Herpes zoster

The herpes zoster is caused by the same virus of chicken pox. After the initial patient’s infection by the herpes virus, the virus is “standby” in certain nerve fibers. However, it can become active as a result of many factors such as aging, stress, immune system suppression and usage of several medications.

The herpes virus is locates in certain nerve fibers at each patient, so when is active, it affects only one part of the body or face. It starts as a rash, which cause blisters and wound on the skin. Any wounds on the nose show an early sign of possible infection of eyes too!

The herpes zoster can cause several problems at the eye and at the surrounded areas that may have long-term effects. Characteristic problems which require treatment are inflammation and corneal ulcer, conjunctivitis and iritis. In several cases, the retina and the optic nerve may also be infected by the virus.

The eye problems caused by the acute or chronic infection of herpes zoster virus can cause glaucoma, cataract, double vision and scarring of the cornea and eyelids.

In many patients, this infection is painful and usually takes several weeks. Some patients also, have post-herpetic pain (after the disappearance of virus infection).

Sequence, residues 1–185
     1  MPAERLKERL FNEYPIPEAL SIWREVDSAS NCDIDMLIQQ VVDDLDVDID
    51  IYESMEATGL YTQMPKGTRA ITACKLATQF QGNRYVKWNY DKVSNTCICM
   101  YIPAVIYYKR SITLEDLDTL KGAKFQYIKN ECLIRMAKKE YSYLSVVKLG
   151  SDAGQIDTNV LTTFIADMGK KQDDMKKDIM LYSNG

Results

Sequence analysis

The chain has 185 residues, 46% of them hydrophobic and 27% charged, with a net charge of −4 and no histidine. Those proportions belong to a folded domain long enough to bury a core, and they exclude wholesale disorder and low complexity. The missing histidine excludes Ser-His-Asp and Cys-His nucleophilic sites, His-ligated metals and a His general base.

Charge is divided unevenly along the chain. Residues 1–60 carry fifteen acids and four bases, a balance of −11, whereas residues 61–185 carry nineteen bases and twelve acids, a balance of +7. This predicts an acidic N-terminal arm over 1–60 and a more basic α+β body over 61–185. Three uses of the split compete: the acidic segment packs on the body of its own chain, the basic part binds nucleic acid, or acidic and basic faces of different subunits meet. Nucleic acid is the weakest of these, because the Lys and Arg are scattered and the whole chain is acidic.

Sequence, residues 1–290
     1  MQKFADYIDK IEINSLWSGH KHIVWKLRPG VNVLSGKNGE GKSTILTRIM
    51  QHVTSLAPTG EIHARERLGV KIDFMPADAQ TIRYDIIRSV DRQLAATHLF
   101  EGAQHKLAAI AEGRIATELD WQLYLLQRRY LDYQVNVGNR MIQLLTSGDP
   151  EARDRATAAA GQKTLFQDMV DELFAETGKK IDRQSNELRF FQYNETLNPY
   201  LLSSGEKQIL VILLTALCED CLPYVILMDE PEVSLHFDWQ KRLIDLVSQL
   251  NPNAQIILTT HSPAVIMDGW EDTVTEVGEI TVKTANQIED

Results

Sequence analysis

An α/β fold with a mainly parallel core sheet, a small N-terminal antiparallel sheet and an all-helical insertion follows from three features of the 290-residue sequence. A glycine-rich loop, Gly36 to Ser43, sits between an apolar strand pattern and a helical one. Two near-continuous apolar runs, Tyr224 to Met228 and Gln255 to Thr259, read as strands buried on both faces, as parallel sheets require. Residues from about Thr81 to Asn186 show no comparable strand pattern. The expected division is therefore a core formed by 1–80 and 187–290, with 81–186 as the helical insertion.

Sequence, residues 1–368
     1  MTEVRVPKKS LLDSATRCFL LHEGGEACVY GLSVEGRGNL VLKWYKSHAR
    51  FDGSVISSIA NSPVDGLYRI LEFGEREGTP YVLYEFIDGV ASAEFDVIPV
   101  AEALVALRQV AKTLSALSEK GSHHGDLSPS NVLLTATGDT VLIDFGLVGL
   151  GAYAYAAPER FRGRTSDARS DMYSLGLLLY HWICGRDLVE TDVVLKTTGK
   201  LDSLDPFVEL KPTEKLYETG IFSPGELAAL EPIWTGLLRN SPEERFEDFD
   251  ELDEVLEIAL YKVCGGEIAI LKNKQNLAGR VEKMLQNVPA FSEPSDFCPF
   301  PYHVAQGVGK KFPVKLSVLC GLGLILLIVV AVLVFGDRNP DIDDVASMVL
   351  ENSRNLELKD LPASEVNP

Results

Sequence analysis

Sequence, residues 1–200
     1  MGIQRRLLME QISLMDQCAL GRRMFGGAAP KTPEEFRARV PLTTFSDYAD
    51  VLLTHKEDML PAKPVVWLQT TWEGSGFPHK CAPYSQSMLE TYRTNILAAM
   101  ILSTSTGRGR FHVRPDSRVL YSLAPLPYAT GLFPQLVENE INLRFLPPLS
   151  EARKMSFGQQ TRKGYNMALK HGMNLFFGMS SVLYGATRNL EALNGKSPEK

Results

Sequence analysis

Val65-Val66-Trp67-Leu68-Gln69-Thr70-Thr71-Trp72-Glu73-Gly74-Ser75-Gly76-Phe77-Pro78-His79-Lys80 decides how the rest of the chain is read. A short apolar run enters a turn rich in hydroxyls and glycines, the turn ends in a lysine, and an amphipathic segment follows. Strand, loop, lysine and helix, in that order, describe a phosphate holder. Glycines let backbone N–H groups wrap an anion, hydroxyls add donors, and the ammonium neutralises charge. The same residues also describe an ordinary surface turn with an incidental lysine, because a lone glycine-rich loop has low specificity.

Herpes Zoster symptoms

Herpes zoster cause a wide range of problems that affect the skin and the eye. The range of severity depends on the extent of the infection.

Some of the following problems arise indirectly from inflammation caused by the disease.

Herpes Zoster problems that affect the body

• Flu symptoms (fever, headache, tiredness)
• Rashes, redness
• Red, sensitive skin
• Blisters and wounds on the skin
• Pain like burning and tingling

Herpes Zoster problems that affect the eye

• Redness
• Sensitivity to light
• Bulging of eyelids
• Dry eyes
• Blurred vision (depending on how the eye is affected)
• Corneal inflammation that can lead to apoptosis and scarring epithelium
• Inflammation within the eye and the optic nerve
• Glaucoma
• Cataract
• Diplopia (double vision)
• Loss of sense at the affected area of the eye

Herpes Zoster diagnosis

During the eye infection, the ophthalmologist examines the anterior part of the eye on the slit lamp and the fundus, as well as the optic nerve with the ophthalmoscope. Visual acuity and intraocular pressure are also examined. The points’ infection at the face and body are noted.

Herpes Zoster treatment

The herpes zoster is treated by antiviral and anti-inflammatory medications. Eye drops and ointments can also be prescribed. In some cases, serious ocular complications caused by herpes zoster may require surgical treatment.

Infected patients should avoid contact with the sensitive and vulnerable group of population, such as elderly people, children and pregnant women.


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